Wednesday, October 20, 2010

500,000 job losses

That's the figure plastered on the front of most of the newspapers this morning - 500,000 to be made unemployed. Except the source for this, being the accidental reveal of a set of papers, states 490,000. I suppose that doesn't make for such an impressive headline though.

One could ask how this is supposed to improve things? Public servants tend to have decent contracts which means having to pay them off, I understand they still have their pension plan, and now they may also be entitled to unemployment benefit.

So money out, future money out, and short term money out while the state receives no labour from them. I just hope the long-term gains justify this.


Steve Severn said...

I agree with you, but I am sorry to say that it is about time the government reeled in the gravy train that is the public sector. I am not talking about police, fire, nhs, schools, although even some areas of them need looking at. I think all of them should be excempt. But its the total soft way everything else is run in the public sector. I work for a big company in Stourport, one of few left in this area and we have had to put up with all sorts of changes and cuts for a few years now. If you have three instances of sick in a 12 month period, you lose sick pay. Any instance of sickness and you lose the small quartely bonus as well. The company has everybody doing more with less staff and budget. The result, we are still doing well and afloat. Its been hard. We are tired, frustrated at times and thourighly p****d off at other time, but we still have jobs. I am sick of hearing about the waste at the MOD, the sickness levels at many public sector departments and massive redundency and early retirement payouts. The whole public sector should be run on private sector priciples. The problem is, the shock to SOME people in the public sector, finding out how difficult work can be, would probably put half of them off sick with stress. My concern is, with all these public sector cuts, its the private sector that will have to bail them out in tax.

Steve Severn said...

Oh, and don't get me started on the benefits system. Thats where alot of it goes. Needs a total overhaul. Two things I would never understand. One, benefits are paid for sitting at home. Why? Get them out on the streets, canals cleaning. Help old people with shopping, anything. No working to help society, no benefits. Or a cut in them at least. Secondly, why are benefits paid in cash? Why not pay some of it in supermarket vouchers, then at least we know its not being spent down the pub. Moan over, for now. Great blog by the way. Everybody stop using Vale Road car park. Even one car parked there is too many. Now I am finished.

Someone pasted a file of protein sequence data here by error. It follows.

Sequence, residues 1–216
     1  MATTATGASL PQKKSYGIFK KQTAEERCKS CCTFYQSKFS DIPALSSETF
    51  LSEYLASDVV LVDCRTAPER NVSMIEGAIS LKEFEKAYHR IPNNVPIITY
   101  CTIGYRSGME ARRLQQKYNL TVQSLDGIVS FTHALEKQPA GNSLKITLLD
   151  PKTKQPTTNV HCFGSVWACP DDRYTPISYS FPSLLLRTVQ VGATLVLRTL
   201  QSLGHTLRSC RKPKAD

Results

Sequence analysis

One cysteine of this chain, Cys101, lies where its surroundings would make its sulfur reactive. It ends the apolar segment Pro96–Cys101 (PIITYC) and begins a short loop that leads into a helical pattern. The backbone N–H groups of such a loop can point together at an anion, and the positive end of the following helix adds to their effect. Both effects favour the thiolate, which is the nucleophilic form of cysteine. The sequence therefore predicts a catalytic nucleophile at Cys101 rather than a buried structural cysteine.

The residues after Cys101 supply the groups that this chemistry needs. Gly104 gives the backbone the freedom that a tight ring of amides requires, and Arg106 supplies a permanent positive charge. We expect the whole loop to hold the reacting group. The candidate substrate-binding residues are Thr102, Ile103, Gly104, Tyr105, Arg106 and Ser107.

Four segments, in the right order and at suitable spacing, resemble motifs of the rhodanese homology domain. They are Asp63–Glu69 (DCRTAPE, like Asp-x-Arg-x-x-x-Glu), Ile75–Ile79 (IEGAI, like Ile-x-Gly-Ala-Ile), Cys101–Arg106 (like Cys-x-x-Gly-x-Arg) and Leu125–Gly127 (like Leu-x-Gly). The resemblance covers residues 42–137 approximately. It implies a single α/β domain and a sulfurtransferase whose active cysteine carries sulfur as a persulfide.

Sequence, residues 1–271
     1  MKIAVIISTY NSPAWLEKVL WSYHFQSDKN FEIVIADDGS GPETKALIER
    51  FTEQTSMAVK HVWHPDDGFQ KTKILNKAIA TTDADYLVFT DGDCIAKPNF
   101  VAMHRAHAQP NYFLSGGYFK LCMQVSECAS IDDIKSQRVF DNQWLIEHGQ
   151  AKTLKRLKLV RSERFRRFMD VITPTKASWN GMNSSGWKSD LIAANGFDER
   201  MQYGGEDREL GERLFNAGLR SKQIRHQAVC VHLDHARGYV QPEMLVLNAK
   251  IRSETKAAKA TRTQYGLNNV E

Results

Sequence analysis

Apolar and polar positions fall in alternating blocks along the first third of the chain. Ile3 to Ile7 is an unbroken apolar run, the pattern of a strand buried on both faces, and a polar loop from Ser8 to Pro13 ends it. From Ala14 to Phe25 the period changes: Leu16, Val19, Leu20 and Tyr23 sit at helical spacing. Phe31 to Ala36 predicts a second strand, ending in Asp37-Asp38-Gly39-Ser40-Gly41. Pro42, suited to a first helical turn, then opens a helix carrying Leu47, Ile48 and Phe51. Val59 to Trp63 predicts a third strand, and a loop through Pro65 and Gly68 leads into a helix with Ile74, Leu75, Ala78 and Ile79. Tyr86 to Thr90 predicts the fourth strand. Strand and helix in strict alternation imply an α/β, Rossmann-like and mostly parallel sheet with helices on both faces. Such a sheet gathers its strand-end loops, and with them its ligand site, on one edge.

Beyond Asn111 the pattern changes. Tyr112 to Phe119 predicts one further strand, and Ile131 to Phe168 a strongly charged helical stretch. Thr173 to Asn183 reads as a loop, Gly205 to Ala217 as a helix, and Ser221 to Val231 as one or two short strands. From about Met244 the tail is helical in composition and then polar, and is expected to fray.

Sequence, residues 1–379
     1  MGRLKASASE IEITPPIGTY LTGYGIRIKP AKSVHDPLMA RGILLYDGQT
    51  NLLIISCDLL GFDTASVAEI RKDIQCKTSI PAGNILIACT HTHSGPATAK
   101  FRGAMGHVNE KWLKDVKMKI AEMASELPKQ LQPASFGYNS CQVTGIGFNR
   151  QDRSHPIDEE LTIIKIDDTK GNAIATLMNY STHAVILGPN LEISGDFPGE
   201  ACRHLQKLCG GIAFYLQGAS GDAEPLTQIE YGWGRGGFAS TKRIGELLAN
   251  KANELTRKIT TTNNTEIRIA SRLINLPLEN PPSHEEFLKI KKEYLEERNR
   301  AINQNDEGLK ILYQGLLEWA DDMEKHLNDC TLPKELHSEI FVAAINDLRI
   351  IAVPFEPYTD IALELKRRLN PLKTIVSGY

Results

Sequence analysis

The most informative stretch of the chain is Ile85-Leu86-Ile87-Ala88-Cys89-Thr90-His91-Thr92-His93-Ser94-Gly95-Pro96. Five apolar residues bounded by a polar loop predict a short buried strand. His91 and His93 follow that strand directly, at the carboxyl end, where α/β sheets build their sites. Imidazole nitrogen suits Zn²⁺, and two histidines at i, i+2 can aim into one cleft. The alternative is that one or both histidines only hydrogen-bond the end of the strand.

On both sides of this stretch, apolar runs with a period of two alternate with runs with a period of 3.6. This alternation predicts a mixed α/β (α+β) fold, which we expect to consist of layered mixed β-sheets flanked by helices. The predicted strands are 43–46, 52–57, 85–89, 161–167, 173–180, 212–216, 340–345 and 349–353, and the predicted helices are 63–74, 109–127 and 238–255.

FlipC said...

Up to a point I agree that the public sector needs to be run like the private sector, however the flaw lies in the differences in motivation.

The private sector's over-riding consideration is making money; the public sector doesn't and to an extent shouldn't take that into consideration.

Value for money - no problem, but it has to take into account the larger picture. A certain fizzy drink manufacturer doesn't have to care that they're sucking all the water out of the ground and depriving the local villages - they're not its customer base; it will only care when others take up the cause and it affects their bottom line.

The public sector has to (or at least should) take such things into consideration. Which ties back to the Broadwaters/Vale Road debacle; this is in a way an action of the Council working as a private sector company.

This is the problem with the oscillation we see between putting things under state control or privatising them. Under state control it's not 'their' money they're using and wastefulness can arise; under private control it's the opposite and it can become parsimonious.

A middle ground has to be found.

As for benefits - as you say don't get me started. The simplistic avenue is to have those who have the ability to earn the money - in effect the council are already paying them so why not indeed have them tidying the streets, or cleaning the canals.

Well what if they decide not to bother? Remove their benefits; how does that help? You're either depriving their dependants or encouraging some to turn to less legal methods of obtaining money.

... personally I would go for the "Here's your boiler-suit go and pick up litter" while employing the person who would originally do this job to supervise; I can just see the problems attached to it too.